Thus, we are at the interface of the social and the technical where both have come to be defined by the logic of the technical, especially that from Aristotle. Later we encounter Newton’s interpretation of Leibnizian calculus.

The emphasis herein is with our reliance on a perspective of information technology that is decoupled from the social context which it attempts to manage. My fear is that we are again using the thinking that preceded the 1950 development of the socio-technical systems perspective. We seem more than willingly to apply the rules of the technological to the sociological in business. Just now we might look deeper into what was carried out in the 1950s to redress a world gone wrong.

The current Socio-Technical perspective seems opposite to the thinking of the founders of “socio-tech.” They, in the Sir Vickers sense, appreciated how the technological was assuming dominance in the operations of the social. Clearly, the technical needs to find reduced dominance in management thinking, in that the social could be better managed to achieve human ends of systems of life.

An Eric Trist 1983 Update on Socio-Tech, and warning of its future in IT

Early in the career of Bill Gates and Calvin Pava the two met. Pava was a graduate of Wharton, and then professor at Harvard. Gates was a student at Harvard. They became instant friends as both came to see a need to develop outside of Harvard. They spent much time Northern California vineyards and wine bars discussing the future of information technology relative to business and human conduct. Some of this found its way into a 1983 book by Pava. Calvin Pava’s mentor at Wharton, Eric Trist, was to write the forward but Cal was in such a hurry that the book got written and Trist’s forward became an afterword.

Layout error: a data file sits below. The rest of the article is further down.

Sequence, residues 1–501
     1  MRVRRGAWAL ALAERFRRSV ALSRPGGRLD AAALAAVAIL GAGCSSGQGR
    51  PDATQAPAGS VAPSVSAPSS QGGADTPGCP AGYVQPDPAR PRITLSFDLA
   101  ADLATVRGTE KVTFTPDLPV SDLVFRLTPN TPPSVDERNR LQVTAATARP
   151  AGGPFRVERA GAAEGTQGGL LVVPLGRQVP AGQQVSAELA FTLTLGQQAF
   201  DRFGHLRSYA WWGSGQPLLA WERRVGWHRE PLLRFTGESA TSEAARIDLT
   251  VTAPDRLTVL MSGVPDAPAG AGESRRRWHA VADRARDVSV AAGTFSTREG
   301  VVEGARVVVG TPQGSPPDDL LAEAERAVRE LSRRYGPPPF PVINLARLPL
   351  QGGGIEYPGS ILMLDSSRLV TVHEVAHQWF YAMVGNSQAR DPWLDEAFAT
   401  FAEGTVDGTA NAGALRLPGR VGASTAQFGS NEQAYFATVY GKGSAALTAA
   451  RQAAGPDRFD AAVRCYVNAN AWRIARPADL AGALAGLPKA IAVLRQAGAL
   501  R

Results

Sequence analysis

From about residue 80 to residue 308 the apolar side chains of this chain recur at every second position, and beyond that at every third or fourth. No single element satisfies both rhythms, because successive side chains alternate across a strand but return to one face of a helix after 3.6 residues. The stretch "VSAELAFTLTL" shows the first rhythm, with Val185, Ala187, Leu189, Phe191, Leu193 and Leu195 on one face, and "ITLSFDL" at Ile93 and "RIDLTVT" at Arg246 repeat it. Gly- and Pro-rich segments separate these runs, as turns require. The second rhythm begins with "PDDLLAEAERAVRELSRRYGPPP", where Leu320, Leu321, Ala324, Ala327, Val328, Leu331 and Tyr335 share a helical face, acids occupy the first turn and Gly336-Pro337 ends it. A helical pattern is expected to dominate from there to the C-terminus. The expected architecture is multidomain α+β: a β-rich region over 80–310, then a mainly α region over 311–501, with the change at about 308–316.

Therein Trist went into some depth on the socio-technical systems view of information technology. He feared, once again, that the technical would come to diminish the social and end up producing an economy with extreme income gaps between rich and poor and a lack of humanity all around.

This is part of the 1983 Trist commentary on socio-tech and its meaning for information technology:

“This is a far cry from the prevailing perspective, which concentrates attention so steadfastly on the technological aspect that what-so-ever the equipment makers propose is solemnly installed with the eager support of data processing and internal “systems” staffs. Absent is any informed scrutiny of organizational and social aspects, with untoward consequences: the creation at the lower levels of large numbers of poorly designed jobs which lower performance and increase alienation; failure to appreciate the subtle yet profound changes required in managerial and professional roles; the export on to the labor market of those made redundant without serious thought to their retraining or future place in society.”

This might be the right thread to post my question about Eric Trist and Kurt Lewin etc.

I tried to find papers, journal articles or books written by Eric Trist, Anatol Rapoport, Kurt Lewin and others such as Vickers etc. but they don’t seem to be found anywhere online. Are they only available in libraries or amazon etc?

I’d love to find books by Eric Trist or Anatol Rapoport since they would be very useful to me upon this quest for socio-tech systems.

Yes, these works are generally more likely to be available at university libraries, rather than public libraries. The best place to check for holdings is at https://www.worldcat.org/ .

Otherwise, there’s the used book marketplace worldwide, aggregated at https://www.bookfinder.com/ .

The hardest books on systems thinking to find seem those to published by Intersystems Publications. They held a lot of promise in the 1970s, but then disappeared.

I have been fortunate to be an alumnus of the University of Toronto, where an identity card would permit me access into the book stacks that where I had spent a lot of time during undergraduate days. I can’t take any books out, but I can read them onsite … and then decide if they’re sufficiently valuable to purchase as used scholarly works.

I’ve also benefited by many years of scheduled visits to the Trinity College book sale, and the University College book sale, but in the age of pandemic, they’re unfortunately not likely to happen this fall.